The Ass and his Masters

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An illustration of the moral that 'the grass is always greener on the other side of the fence'

The Ass (sometimes 'donkey') and his Masters is a fable that has also gone by the alternative titles The ass and the gardener and Jupiter and the ass. Included among Aesop's Fables, it is numbered 179 in the Perry Index.[1]

The fable[edit]

The fable only appears in Greek sources in classical times. There an ass in the employ of a gardener complains to the king of the gods that he is not fed adequately and asks for a change of master. He is transferred to a potter and prays for another change because the loads are so heavy. Now he passes to a tanner and regrets leaving his first employer. At a time when slavery was common, the fable was applied to the dissatisfaction felt by slaves.[2]

In Renaissance times two Neo-Latin poets contributed to making the story better known. Gabriele Faerno as Asinus dominus mutans, with the moral that a change of master only brings worse;[3] and Hieronymus Osius as Asinus et olitor (The ass and the gardener), with the comment that habitual dissatisfaction always brings a desire for change.[4] Jean de la Fontaine also added the story to his Fables with the even harsher comment that providence has better things to do than listen to those who are never satisfied.[5]

In Britain the fable was generally known under the title "The ass and Jupiter" and appears as such in the prose collections of Samuel Croxall,[6] Thomas Bewick,[7] and the poetical version of Brooke Boothby.[8] The Dutch painter Dirck Stoop also made an etching of the fable under that title in 1655.[9]

Change is never for the better[edit]

Laurentius Abstemius told a different version of the fable in his Hecatomythium (1490). In this the ass, tired of cold and only straw to eat, pines for the end of winter. In spring there is so much work that he wishes for summer, and then for autumn, under the burdens each season brings him, and in the end 'his last Prayer is for Winter again; and that he may but take up his Rest where he began his Complaint'.[10]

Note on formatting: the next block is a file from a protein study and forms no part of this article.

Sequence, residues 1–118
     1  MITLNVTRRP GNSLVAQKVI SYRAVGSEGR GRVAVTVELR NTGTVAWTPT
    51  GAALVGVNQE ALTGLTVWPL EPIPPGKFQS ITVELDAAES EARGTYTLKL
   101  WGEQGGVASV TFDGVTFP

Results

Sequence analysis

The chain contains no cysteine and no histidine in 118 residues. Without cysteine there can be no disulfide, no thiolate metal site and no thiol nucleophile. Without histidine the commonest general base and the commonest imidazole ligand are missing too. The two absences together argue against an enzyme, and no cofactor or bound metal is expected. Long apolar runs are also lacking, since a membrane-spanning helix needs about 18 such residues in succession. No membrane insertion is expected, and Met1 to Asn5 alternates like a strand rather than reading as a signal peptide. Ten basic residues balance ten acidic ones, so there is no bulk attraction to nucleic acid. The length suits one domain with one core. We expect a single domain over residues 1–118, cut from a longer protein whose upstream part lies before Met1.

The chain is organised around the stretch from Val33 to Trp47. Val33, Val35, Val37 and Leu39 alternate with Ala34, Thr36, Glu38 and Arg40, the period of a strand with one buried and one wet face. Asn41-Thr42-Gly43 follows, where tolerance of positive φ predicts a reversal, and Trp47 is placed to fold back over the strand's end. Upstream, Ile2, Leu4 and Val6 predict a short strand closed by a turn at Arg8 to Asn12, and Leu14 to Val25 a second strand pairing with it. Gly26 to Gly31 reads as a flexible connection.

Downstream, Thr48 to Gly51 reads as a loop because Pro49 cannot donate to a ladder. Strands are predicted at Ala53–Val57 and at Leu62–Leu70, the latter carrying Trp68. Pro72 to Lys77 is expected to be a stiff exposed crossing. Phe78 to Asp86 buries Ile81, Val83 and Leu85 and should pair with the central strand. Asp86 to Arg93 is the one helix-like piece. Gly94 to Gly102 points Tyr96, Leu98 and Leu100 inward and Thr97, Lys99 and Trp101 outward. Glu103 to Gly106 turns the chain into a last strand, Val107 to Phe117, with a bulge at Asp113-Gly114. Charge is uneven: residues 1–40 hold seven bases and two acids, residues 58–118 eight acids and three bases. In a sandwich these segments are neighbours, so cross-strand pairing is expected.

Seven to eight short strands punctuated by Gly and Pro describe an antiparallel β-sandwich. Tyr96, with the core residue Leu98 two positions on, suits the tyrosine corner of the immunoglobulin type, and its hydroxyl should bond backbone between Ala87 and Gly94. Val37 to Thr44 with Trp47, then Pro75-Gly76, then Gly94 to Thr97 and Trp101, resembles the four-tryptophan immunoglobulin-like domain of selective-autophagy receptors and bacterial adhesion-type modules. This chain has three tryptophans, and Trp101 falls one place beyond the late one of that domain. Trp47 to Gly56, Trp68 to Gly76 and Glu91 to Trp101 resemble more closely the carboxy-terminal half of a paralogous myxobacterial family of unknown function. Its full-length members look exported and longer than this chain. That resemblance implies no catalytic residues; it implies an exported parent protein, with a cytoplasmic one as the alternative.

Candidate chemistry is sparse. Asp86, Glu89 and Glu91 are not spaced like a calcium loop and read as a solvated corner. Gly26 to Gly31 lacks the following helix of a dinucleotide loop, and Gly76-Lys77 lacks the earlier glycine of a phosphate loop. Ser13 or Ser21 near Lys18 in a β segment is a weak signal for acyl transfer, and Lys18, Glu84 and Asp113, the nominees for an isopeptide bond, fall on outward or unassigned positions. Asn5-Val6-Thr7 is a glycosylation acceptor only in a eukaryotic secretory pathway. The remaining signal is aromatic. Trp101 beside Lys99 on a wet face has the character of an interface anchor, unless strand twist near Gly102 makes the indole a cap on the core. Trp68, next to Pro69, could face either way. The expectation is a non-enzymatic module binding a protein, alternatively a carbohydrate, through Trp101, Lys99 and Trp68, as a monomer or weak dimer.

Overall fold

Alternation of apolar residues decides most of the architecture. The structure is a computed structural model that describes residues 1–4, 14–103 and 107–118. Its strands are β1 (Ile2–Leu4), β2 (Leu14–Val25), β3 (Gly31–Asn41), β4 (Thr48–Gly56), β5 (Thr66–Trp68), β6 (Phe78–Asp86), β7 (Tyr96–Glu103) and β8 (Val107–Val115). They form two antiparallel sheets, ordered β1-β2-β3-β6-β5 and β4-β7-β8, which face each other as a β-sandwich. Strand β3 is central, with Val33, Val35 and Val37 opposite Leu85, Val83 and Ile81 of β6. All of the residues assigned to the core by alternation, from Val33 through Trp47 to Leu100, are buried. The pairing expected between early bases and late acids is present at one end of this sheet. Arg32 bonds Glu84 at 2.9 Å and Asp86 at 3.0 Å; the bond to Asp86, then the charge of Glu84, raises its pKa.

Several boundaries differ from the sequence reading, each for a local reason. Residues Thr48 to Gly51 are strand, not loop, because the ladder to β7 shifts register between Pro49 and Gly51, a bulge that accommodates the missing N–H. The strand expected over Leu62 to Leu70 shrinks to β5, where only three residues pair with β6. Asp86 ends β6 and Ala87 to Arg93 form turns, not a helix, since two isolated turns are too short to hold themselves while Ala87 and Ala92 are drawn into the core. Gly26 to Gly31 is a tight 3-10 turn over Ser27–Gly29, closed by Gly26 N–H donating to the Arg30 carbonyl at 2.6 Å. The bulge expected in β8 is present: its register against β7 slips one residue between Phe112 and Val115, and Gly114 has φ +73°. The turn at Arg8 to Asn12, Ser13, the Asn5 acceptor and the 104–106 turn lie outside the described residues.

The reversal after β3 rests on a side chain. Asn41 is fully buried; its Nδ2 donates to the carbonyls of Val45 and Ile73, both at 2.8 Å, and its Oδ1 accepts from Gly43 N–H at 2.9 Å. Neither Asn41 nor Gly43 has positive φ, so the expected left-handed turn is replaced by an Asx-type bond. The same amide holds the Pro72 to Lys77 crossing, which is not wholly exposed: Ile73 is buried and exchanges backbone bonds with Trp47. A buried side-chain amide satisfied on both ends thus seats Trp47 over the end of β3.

Phaedrus, who was a freed slave, did not record the fable about the discontented ass, but a similar moral appears at the end of his version of The Frogs Who Desired a King. The citizens of Athens are grumbling at their new ruler and Aesop advises them, after he has told the fable, 'hoc sustinete, maius ne veniat, malum (hang on to your present evil, lest it become worse).[11]

Some quite different stories exist with much the same moral as this, retaining certain aspects of the story-line of "The Ass and his Masters". These include a succession of three changes, each worse than before, followed by prayer for the preservation of the last. An early Tudor jest book records a later Classical anecdote. In this an old lady prays for the continued well-being of the tyrant Dionysius I of Syracuse. On being asked by him why, she replies, Whan I was a mayde, we had a tyran raignynge ouer us, whose death I greatly desyred; whan he was slayne, there succided an other yet more cruell than he, out of whose gouernance to be also deliuered I thought it a hygh benifyte. The thyrde is thy selfe, that haste begon to raygne ouer vs more importunately than either of the other two. Thus, fearynge leest, whan thou arte gone, a worse shuld succede and reigne ouer vs, I praye God dayly to preserue the in helthe.[12] The story had earlier appeared in Thomas Aquinas' De Regimine Principum, in the context of a discussion of the drawbacks of resisting tyranny.[13]

Slightly earlier in the Middle Ages, Odo of Cheriton had drawn a similar lesson from a monastic situation. His light-hearted story concerns monks who pray for the death of their abbot. The first had given them three courses at a meal but not enough to satisfy their hunger; after his death he is succeeded by an abbot who allows them only two courses, and then on his death by one who allows only a single course. One of the monks then prays for the long life of this abbot for fear that they might starve altogether under a successor.[14]


  1. ^ Aesopica site
  2. ^ William Fitzgerald, Slavery and the Roman Literary Imagination, Cambridge University 2000, p.101
  3. ^ Fabulae Centum, fable 69
  4. ^ Aesopus Phryx, fable 80
  5. ^ VI.11
  6. ^ Fable 118
  7. ^ The Fables of Aesop p.79
  8. ^ fable 16
  9. ^ LACMA collection
  10. ^ Roger L'Estrange's translation
  11. ^ The Fables of Phaedrus I.2
  12. ^ Merry Tales and Quick Answers tale 47
  13. ^ Shirley Robin Letwin, On The History Of The Idea Of Law, Cambridge University 2005, p.80
  14. ^ Aesopica site

External links[edit]